Staples Hughes’ career is in jeopardy for having disclosed the confession of a client, now dead, that he alone killed a couple
Titan Barksdale, Staff Writer, News & Observer
Lawyer Staples Hughes was trying to do the right thing when he disclosed information that could help prove a man innocent of murder. Now it may cost him his law license. Hughes, the state’s appellate defender, disclosed earlier this year that his client, a co-defendant in the murder, had confessed 20 years earlier that he alone killed Roland and Lisa Matthews in Fayetteville.
After his client, Jerry Cashwell, died, Hughes spoke up. The confession, coupled with challenges to how bullet evidence was analyzed, could get a new trial for Lee Wayne Hunt, who was convicted of the slayings 21 years ago and sentenced to life in prison.
It also puts Hughes in a fight for his career. During a hearing to seek a new trial for Hunt, a Cumberland County Superior Court judge said he would file a complaint with the N.C. State Bar over Hughes’ testimony about the confession. As Cashwell’s attorney, Hughes was bound by attorney-client privilege to keep the confession secret. But Hughes believed that his duty to Cashwell died with his client.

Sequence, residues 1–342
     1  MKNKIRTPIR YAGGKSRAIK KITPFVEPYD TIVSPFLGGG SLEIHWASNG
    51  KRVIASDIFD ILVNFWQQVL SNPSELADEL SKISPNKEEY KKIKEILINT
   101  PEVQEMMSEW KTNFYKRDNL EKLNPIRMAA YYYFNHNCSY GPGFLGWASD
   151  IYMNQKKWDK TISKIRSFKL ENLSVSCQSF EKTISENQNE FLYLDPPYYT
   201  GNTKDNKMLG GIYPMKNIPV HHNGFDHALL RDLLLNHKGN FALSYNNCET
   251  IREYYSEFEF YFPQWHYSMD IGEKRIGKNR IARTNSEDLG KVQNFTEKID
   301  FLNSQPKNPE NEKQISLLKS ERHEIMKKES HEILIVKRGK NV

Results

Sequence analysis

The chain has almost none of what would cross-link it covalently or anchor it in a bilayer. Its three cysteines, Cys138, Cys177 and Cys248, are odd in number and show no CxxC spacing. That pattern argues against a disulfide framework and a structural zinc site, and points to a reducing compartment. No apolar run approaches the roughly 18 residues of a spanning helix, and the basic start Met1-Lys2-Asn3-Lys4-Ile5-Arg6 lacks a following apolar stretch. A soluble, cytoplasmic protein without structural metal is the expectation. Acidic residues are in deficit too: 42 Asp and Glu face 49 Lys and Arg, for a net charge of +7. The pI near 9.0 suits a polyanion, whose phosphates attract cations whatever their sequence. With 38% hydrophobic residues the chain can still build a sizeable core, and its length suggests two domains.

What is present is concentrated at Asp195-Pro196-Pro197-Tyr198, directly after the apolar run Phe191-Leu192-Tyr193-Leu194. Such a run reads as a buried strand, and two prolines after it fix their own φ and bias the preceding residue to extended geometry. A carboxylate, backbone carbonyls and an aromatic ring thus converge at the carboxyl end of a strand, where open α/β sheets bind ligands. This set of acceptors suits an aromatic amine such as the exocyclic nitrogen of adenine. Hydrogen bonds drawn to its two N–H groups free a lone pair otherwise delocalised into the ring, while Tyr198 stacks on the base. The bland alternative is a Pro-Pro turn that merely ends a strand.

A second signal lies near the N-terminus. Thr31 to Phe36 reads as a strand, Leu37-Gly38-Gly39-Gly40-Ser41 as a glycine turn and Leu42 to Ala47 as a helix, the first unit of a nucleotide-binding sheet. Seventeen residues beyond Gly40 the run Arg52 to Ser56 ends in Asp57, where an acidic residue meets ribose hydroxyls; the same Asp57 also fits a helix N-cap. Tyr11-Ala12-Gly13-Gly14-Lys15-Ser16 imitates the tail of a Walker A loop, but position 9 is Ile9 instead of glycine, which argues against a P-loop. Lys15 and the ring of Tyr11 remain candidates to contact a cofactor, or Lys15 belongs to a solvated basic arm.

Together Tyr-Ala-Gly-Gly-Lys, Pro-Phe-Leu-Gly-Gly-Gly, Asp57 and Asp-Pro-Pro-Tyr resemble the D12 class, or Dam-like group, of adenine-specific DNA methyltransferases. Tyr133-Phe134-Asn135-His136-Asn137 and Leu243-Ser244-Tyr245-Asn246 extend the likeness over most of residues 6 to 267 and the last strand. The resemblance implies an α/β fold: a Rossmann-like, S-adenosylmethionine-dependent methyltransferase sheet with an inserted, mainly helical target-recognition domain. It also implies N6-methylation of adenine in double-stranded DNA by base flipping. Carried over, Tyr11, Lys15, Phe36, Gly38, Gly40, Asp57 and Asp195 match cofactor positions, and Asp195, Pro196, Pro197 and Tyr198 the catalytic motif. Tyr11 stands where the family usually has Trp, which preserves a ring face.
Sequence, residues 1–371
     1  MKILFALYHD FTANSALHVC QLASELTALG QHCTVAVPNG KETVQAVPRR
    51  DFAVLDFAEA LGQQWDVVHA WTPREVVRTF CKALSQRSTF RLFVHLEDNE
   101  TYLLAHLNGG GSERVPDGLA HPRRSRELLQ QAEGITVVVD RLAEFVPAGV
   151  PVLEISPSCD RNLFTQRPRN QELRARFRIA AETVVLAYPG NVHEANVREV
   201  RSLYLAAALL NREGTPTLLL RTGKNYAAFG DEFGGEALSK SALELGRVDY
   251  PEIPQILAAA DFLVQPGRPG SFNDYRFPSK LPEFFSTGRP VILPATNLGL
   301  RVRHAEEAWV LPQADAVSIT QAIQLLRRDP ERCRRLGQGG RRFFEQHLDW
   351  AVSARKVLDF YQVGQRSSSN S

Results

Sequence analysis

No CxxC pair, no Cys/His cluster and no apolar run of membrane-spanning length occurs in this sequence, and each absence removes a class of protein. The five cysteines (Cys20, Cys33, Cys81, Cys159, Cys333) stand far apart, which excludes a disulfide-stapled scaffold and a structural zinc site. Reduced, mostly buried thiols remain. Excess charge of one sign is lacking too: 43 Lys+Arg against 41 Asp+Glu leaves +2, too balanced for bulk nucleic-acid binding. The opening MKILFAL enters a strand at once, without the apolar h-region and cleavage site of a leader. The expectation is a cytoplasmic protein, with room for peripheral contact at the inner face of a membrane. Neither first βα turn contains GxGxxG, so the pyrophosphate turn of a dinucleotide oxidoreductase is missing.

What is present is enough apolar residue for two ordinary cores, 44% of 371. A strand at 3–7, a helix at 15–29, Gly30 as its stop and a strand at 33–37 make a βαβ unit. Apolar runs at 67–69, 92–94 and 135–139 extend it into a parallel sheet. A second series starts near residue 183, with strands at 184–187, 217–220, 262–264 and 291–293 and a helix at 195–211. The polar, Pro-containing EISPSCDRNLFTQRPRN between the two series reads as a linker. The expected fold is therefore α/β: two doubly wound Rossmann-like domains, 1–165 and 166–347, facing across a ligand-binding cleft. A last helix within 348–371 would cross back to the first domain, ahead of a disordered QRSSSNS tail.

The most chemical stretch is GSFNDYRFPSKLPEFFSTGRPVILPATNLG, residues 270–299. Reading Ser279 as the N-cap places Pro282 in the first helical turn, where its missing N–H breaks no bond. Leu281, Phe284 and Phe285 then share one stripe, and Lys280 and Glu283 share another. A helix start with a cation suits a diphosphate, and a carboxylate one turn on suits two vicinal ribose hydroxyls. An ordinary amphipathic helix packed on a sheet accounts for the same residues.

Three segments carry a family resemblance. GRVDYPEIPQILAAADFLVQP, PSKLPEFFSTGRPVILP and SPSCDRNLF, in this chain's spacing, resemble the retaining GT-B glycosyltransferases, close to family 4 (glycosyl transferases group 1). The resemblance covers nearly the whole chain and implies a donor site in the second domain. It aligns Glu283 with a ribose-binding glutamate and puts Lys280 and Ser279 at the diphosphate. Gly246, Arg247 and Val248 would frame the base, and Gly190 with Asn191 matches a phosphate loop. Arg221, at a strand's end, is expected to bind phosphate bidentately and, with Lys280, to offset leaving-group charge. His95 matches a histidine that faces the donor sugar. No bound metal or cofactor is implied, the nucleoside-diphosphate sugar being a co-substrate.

Judge Jack Thompson rejected Hughes’ testimony, and Hunt’s bid for freedom. Hughes was later notified that a bar grievance had been filed against him. “It crossed my mind a thousand times that somebody might report me to the bar,” Hughes said. “I’m sure the judge thought he was doing what he thought was right, and I thought I was doing what was right under the circumstances. It was a sobering moment.”
Hughes said he has filed a response to the complaint, but it is unclear when the bar will make a decision. The N.C. Supreme Court could determine whether Hughes is right or wrong when Hunt’s attorneys ask the court to review the murder case. Meanwhile, the issue has exposed a thorny ethical dilemma that cuts to the heart of a lawyer’s mission -- serving justice.
Hunt had been a notorious drug dealer in Fayetteville but maintained from the start that he had not murdered the Matthewses. In March 1984, the couple were found shot and stabbed to death in their home on a rural road in Cumberland County. About one year later, Hunt, Cashwell and Kenneth Wayne West were arrested and charged with the murders.